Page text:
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Here’s What You Should Know About Volkswagen’s Multi-Billion Dollar Scam

Volkswagen has found itself in some muddy waters. The German auto giant has been caught in a scandal so big it could be the company’s end as we know it. The company revealed on Tuesday that around 11 million diesel cars worldwide are equipped with devices that can cheat pollution tests. The cars’ pollution controls only worked when being checked by regulators.

This exposé led to a plummeting of shares that initially dropped around 17% on Monday and another 20% the next day. The company lost nearly 1/5th of its market cap and is currently at a low of 105.65 euros. While the company tries to recover, the US government is mulling criminal charges as well.

Volkswagen Shares

The Company CEO, Martin Winterkorn, apologized for the scandal and has stated that the company is launching an external probe into the matter.

“Further internal investigations have shown that the software concerned is also installed in other diesel vehicles,” VW said in a statement adding that, “anomalies have shown up in around 11 million cars worldwide that are equipped with a specific engine type”.

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Furthermore, the company is planning to set aside 6.5 billion euros in the third quarter to cover the necessary services and to win back the customer confidence. The company has admitted that it has fitted around 482,000 cars in the United States with devices that can cheat pollution tests, covertly turning off the check when being driven and turning it on when undergoing pollution tests.

The German company halted sales in the US during the investigation, which could lead to fines of more than $18 billion levied by the Environmental Protection Agency.

Volkswagen Pollution

Diesel engines are far more fuel economical than gasoline, and have been popular in Europe for a long time. But there’s a catch to diesel engines. While diesel cars get better mileage and emit fewer carbon-dioxide, they, however, emit more nitrogen oxides (NOx), which is the cause of smog, and other particulates that can be damaging to the lungs. Europe has been able to deal with this by imposing looser emission standards. But the United States are more strict when it comes to the emission of these pollutants since the 1970s, which is why diesel cars have not caught on widely.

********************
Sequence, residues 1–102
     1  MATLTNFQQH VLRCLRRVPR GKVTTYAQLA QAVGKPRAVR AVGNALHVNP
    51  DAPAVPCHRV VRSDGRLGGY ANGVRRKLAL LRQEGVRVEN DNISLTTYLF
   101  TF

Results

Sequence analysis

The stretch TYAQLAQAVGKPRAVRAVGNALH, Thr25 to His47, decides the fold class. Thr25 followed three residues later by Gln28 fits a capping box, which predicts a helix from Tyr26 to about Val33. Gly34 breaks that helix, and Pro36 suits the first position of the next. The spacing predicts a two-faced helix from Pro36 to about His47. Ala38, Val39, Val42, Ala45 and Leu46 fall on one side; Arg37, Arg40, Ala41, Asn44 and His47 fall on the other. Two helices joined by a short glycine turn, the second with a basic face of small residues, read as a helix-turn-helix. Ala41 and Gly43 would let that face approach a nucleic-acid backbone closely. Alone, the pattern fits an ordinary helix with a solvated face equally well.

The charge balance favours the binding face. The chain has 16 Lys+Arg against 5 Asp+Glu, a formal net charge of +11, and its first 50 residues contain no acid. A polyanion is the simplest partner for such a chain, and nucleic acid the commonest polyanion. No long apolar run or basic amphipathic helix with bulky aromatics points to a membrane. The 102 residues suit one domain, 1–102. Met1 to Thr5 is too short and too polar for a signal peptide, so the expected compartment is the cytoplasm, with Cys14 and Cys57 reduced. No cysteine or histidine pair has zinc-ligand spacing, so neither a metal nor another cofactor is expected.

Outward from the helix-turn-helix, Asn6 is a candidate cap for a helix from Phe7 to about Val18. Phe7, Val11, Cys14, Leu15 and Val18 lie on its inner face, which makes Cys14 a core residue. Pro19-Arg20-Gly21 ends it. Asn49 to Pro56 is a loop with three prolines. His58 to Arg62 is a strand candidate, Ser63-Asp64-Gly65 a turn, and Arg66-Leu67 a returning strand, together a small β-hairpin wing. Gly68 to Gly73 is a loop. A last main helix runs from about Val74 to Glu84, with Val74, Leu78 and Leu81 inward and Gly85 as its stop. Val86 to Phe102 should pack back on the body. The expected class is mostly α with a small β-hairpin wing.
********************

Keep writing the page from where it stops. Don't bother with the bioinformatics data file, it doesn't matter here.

However, with diesel technology gradually getting cleaner through a combination of lower-sulfur fuel, advanced engines, and new emission-control technology, the US has eased its laws and automakers are showing more interest in “clean-diesel” cars. Since 2009, Volkswagen has sold more than 482,000 clean diesel cars in the US. And as it turns out, Volkswagen had been lying about the “clean-diesel” aspect.

VW could not achieve an ideal mix of performance, fuel efficiency, and low pollution, so it cheated its way out. So far VW is the only company caught in the scandal. The EPA said on Monday that it will investigate other diesel car manufacturers as well.

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You might wonder how VW was able to turn on and turn off the car’s pollution control at the right time. Well, the company had been inserting codes in its vehicles software that tracked the car’s pedal movements and steering. So when the car suggested that it was being tested for pollution, the car automatically turned its pollution control on, while the rest of the time the pollution control was switched off. One wouldn’t suspect an auto maker as big as Volkswagen to stoop so low.

The company’s next move might be to recall the cars and fixing the tampered device. No information has been revealed yet. We’ll bring you more details on the scandal as it progresses.



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